The biggest factor I've seen is when an organisation makes a big announcement like "XXXX" is coming tomorrow" and any sort of communication and knowledge transfer prior this announcement has been limited, therefore buy-in is limited. Everyone wants change, but they mean others to change, not themselves! Change is successful when properly managed. I go back to my beloved triangle - don't forget the people!
Another common blocker is process revision. Make sure key stakeholders have a say in what you are creating. I'm not suggesting a Brexit style committee but getting that buy-in and knowledge from people from all touch points is essential.
What are your tips for ensuring the new process will work once rolled out?
There is always a reason why change has taken place, so be clear on it, and have clear measurements of success. Therefore, if things don't work, you can tweak and amend and get yourself back on track.
Get feedback from the people using the new process, and don't be afraid of it. Change is never liked at first, so the skill is knowing which grumbles will fade and which are relevant and need actioning.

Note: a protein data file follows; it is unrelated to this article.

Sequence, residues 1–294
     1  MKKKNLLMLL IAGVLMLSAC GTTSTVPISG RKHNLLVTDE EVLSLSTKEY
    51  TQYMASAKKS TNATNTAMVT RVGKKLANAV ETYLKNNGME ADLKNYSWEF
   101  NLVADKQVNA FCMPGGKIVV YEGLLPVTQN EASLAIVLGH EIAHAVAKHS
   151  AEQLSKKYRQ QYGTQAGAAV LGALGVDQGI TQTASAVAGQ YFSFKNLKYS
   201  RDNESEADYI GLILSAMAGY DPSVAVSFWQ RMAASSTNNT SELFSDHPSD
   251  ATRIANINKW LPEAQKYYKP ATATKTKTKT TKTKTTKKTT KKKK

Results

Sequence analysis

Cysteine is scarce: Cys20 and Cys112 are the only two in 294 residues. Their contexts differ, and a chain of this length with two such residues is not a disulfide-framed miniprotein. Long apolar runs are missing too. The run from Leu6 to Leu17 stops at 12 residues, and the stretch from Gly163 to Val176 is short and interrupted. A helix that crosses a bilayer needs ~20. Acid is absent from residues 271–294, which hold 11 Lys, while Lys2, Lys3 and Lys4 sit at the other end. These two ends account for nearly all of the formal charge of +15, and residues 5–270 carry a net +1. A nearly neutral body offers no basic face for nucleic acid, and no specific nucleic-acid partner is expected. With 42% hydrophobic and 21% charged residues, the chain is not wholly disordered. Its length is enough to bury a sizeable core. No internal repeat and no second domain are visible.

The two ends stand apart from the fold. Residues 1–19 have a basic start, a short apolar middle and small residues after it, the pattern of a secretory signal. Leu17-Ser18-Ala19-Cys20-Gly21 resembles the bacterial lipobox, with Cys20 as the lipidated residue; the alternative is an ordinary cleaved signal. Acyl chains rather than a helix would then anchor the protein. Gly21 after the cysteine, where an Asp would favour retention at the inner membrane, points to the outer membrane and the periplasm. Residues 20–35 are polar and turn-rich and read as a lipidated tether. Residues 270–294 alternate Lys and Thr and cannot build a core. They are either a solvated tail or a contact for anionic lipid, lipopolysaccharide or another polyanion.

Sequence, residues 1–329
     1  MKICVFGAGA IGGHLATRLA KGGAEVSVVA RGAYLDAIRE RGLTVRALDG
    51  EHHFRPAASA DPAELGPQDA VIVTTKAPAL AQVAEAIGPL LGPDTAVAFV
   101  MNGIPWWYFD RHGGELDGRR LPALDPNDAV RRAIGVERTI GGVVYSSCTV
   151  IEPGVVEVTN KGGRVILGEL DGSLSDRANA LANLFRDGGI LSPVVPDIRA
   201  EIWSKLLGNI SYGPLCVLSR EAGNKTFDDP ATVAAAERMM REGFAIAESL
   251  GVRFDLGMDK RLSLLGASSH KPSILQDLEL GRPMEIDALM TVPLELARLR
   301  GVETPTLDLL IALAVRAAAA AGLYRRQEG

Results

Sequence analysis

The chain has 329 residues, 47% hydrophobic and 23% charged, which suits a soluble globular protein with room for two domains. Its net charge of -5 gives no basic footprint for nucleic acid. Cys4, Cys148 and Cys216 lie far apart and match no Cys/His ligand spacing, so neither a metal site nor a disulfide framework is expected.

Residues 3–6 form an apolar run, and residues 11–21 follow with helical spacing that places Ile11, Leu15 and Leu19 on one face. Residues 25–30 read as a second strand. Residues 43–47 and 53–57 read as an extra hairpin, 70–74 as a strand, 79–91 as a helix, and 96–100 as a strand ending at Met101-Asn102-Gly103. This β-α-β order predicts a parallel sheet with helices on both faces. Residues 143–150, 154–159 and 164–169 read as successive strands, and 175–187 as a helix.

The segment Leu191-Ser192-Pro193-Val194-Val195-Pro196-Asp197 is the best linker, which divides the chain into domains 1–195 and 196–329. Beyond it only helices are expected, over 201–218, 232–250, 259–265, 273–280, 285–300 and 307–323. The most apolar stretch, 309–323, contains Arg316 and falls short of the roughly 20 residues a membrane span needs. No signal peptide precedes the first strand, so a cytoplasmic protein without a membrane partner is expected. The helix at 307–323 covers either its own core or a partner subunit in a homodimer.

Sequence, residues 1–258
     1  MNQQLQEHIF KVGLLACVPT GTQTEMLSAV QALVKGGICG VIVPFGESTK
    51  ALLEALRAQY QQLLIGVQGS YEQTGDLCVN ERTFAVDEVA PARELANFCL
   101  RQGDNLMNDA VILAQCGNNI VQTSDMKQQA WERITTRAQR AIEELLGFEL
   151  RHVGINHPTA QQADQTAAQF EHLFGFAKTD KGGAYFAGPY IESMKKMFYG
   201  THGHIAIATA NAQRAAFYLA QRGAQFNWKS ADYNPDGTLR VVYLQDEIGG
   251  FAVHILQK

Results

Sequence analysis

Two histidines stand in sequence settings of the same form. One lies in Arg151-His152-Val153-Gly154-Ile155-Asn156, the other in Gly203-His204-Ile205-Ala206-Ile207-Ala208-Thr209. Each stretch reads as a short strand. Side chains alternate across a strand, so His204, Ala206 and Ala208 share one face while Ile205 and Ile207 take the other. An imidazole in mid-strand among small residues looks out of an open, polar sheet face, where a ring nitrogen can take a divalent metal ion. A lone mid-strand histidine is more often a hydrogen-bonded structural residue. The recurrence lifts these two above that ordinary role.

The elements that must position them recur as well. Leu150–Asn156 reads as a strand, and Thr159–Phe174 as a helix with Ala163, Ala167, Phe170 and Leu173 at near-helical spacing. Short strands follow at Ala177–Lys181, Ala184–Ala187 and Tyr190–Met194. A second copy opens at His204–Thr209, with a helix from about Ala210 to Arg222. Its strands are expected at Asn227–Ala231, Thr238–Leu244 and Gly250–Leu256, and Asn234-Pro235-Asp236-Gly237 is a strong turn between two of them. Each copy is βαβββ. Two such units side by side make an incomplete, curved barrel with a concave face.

And get your organisation to recognise synergies. Is there another database or system that feeds into your Accounts Payable one, that can benefit from automation later?
Some organisations ring us feeling stuck that they've invested in expensive technology or software and now, for example, their accounts database won't talk to their CRM database. Is there a way of making these legacy systems interoperable?
Yes, in a word. It's completely understandable that where investments have been made, you need to utilise existing infrastructure and technology where possible. If that investment has simply reached its end of life or is no longer supported, then unfortunately it may not be possible or advisable to continue. But that, aside, existing infrastructure isn't prohibitive to workflow process change.
AI is a great way to make different systems talk to each other, but even rules based structured repetitive activities between systems can be deployed which can protect current investment while leveraging new solutions.
Thank you so much for your time Malcolm. You've given us a great insight, but also left us with even more questions. The more you learn, the less you realise you know!
If you have a question for Malcolm, then he's live answering questions on Automated Accounts Payable Solutions from 10:30am on the 22nd May. Just sign up here to receive the information needed to join the live chat.